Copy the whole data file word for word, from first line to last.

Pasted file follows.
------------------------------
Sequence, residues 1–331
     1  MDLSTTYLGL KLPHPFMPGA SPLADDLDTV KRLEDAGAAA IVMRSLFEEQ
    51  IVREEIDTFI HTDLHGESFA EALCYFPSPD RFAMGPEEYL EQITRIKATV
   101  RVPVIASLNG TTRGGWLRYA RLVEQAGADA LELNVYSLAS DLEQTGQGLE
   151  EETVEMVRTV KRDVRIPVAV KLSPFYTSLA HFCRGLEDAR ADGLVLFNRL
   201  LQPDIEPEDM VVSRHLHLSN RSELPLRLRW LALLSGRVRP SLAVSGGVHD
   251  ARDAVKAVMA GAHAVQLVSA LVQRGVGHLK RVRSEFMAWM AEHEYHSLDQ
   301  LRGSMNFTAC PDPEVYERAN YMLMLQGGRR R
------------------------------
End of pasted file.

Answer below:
Sequence, residues 1–331
     1  MDLSTTYLGL KLPHPFMPGA SPLADDLDTV KRLEDAGAAA IVMRSLFEEQ
    51  IVREEIDTFI HTDLHGESFA EALCYFPSPD RFAMGPEEYL EQITRIKATV
   101  RVPVIASLNG TTRGGWLRYA RLVEQAGADA LELNVYSLAS DLEQTGQGLE
   151  EETVEMVRTV KRDVRIPVAV KLSPFYTSLA HFCRGLEDAR ADGLVLFNRL
   201  LQPDIEPEDM VVSRHLHLSN RSELPLRLRW LALLSGRVRP SLAVSGGVHD
   251  ARDAVKAVMA GAHAVQLVSA LVQRGVGHLK RVRSEFMAWM AEHEYHSLDQ
   301  LRGSMNFTAC PDPEVYERAN YMLMLQGGRR R